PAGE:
The Hazards of Pyroclastic Flows

The Hazards of Pyroclastic Flows

Pyroclastic flows are volcanic phenomena that involve high-density mixtures of hot, fragmented solids and expanding gases.

Grades

5 - 12

Subjects

Earth Science

Pyroclastic flows are volcanic phenomena. A pyroclastic flow is a high-density mixture of hot, fragmented solids and expanding gases. These heavier-than-air flows race down the sides of a volcano much like an avalanche. Reaching speeds greater than 100 kilometers per hour (60 miles per hour) and temperatures between 200° and 700° Celsius (392°and 1292° Fahrenheit), pyroclastic flows are considered the most deadly of all volcano hazards. The world pyroclast is derived from the Greek pyr, meaning “fire”, and klastos, meaning “broken in pieces.” A pyroclastic flow’s “broken pieces” consist of volcanic glass, crystals, and rocks such as pumice or scoria. These solids have been heated and fragmented by an explosive eruption. Heavier fragments roll downward along the ground, while smaller fragments float in a stream of hot gases. Through the process of convection, the hot gases of a pyroclastic flow expand and rise above the mass of denser and cooler materials on the ground. This rapidly expanding mixture of gas and suspended particles creates dense, clouds of volcanic ash that move fluidly over the landscape. Pyroclastic Surges All pyroclastic flows are incredibly fast-moving and lethally hot. Those that contain more gases and less solid materials are known as pyroclastic surges. A cold surge is one with a slightly lower temperature, usually below 100° Celsius (212° Fahrenheit). Cold surges often form where a volcano’s vent is beneath a lake or the ocean. A hot surge is one with a slightly higher temperature, usually above 100° Celsius (212° Fahrenheit). How Flows and Surges Form Pyroclastic flows and pyroclastic surges are composed of different materials, and move in different ways depending on how they are formed. Some pyroclastic forms develop after an eruption collapses a volcano’s hardened lava dome, whose dense rock then avalanches down the volcano. Within seconds, a faster-moving cloud of ash expands above and in front of the tumbling blocks of rock. These flows are known as “block-and-ash” flows because of their dual composition. The French geologist Alfred Lacroix originally created the term nuée ardente (“glowing cloud”) for these pyroclastic flows after the 1902 eruption of Mount Pelée caused its lava dome to collapse and sweep down into the city of St. Pierre, Martinique, killing almost all of its 30,000 residents. Other pyroclastic flows result from the collapse of an eruption column, the vertical mass of debris and gas that jets above an explosive volcano vent. Heavy debris falls rapidly from the sky and flows down the flanks of the volcano, mostly as pumice. In fact, this type of flow is sometimes known as a “pumice flow.” The higher the volcanic debris is thrust into the air, the further it will fall by force of gravity, gaining momentum along the way. For this reason, pumice flows are able to cover larger areas faster than block-and-ash flows. Like block-and-ash flows, pumice flows are made up of a main body of moving rocks that hugs the ground and an ash cloud that expands above it. Pumice flows, however, also include a ground surge of burning ash that advances ahead of the moving rocks. These jets of hot ash heat the air at the front of the flow. This rapid heating of air causes the flow to increase in size and speed, hurling fragmented materials forward at an even faster rate than before. Pyroclastic flows can even move over water. The 1815 eruption of Mount Tambora, Indonesia, is considered the largest volcanic eruption in recorded history. Its eruption column shot 40 kilometers (25 miles) into the atmosphere. This huge column collapsed into numerous pumice flows that reached more than 160 kilometers per hour (100 miles per hour). These fast, hot flows traveled 40 kilometers (25 miles) across the surface of the Flores Sea, causing the ocean to boil and create steam explosions. Pyroclastic Flow Hazards Pyroclastic flows are so fast and so hot that they can knock down, shatter, bury, or burn anything in their path. Even small flows can destroy buildings, flatten forests, and scorch farmland. Pyroclastic flows leave behind layers of debris anywhere from less than a meter to hundreds of meters thick. The 1991 eruption of Mount Pinatubo, Philippines, filled the Marella River valley with a pyroclastic flow 200 meters (656 feet) deep, more than the height of the Washington Monument. When pyroclastic flows mix with water, they create dangerous liquid landslides called lahars. The 1985 eruption of Nevado del Ruiz in Colombia caused pyroclastic flows to mix with melted snow and flow down into the surrounding river valleys. These lahars gained momentum and size as they traveled the river beds, ultimately destroying more than 5,000 homes and killing more than 23,000 people. A pyroclastic flow’s deadly mixture of hot ash and toxic gases is able to kill animals and people. The famous 79 CE eruption of Mount Vesuvius buried the nearby cities of Pompeii and Herculaneum, Italy, in pyroclastic fallout, killing about 13,000 people. While many scientists once thought that the residents of Pompeii and Herculaneum suffocated from the pyroclastic fallout of Mount Vesuvius’ eruption, new studies suggest that they actually died from extreme heat. Volcanologist Giuseppe Mastrolorenzo and the Italian National Institute for Geophysics and Volcanology recently discovered that the pyroclastic flow that reached Pompeii produced temperatures of up to 300° Celsius (570° Fahrenheit). These extreme temperatures are able to kill people in a fraction of a second, effectively forcing them to spasm in contorted postures, like those found amongst the plaster casts of Vesuvius’ victims.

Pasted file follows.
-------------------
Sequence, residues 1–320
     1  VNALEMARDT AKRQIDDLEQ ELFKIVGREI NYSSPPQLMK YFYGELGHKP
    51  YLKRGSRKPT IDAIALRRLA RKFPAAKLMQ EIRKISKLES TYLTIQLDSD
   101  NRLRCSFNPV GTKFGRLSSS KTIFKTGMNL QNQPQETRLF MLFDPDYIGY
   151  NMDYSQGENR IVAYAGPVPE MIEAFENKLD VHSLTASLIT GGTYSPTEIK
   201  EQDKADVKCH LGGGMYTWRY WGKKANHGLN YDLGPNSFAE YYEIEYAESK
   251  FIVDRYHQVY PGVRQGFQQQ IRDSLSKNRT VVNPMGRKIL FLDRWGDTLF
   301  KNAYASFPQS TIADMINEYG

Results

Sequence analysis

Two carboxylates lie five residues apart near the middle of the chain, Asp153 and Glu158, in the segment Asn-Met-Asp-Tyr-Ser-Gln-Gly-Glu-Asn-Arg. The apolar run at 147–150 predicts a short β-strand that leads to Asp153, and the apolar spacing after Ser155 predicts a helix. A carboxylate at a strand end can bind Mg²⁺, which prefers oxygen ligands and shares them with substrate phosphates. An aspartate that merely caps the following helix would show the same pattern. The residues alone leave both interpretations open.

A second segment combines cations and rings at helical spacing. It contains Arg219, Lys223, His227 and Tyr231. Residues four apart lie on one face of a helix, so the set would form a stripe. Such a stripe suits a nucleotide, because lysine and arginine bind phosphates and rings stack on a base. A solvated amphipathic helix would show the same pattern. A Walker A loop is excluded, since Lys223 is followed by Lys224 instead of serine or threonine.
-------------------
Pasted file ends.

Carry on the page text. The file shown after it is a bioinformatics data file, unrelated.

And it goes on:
Fast Fact

Sandblasting“Pyroclastic flows may look like fluffy clouds, but they are more like sandblasting,” says volcanologist Benjamin Andrews. Andrews simulates pyroclastic flows using baby powder, walnut shells, and glass beads. Lasers allow him to study the dust currents left by the simulated flows, which helps other volcanologists estimate the paths or behavior of pyroclastic flows.

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Editor
Jeannie Evers, Emdash Editing, Emdash Editing
Producer
National Geographic Society, National Geographic Society
other
Last Updated

May 20, 2022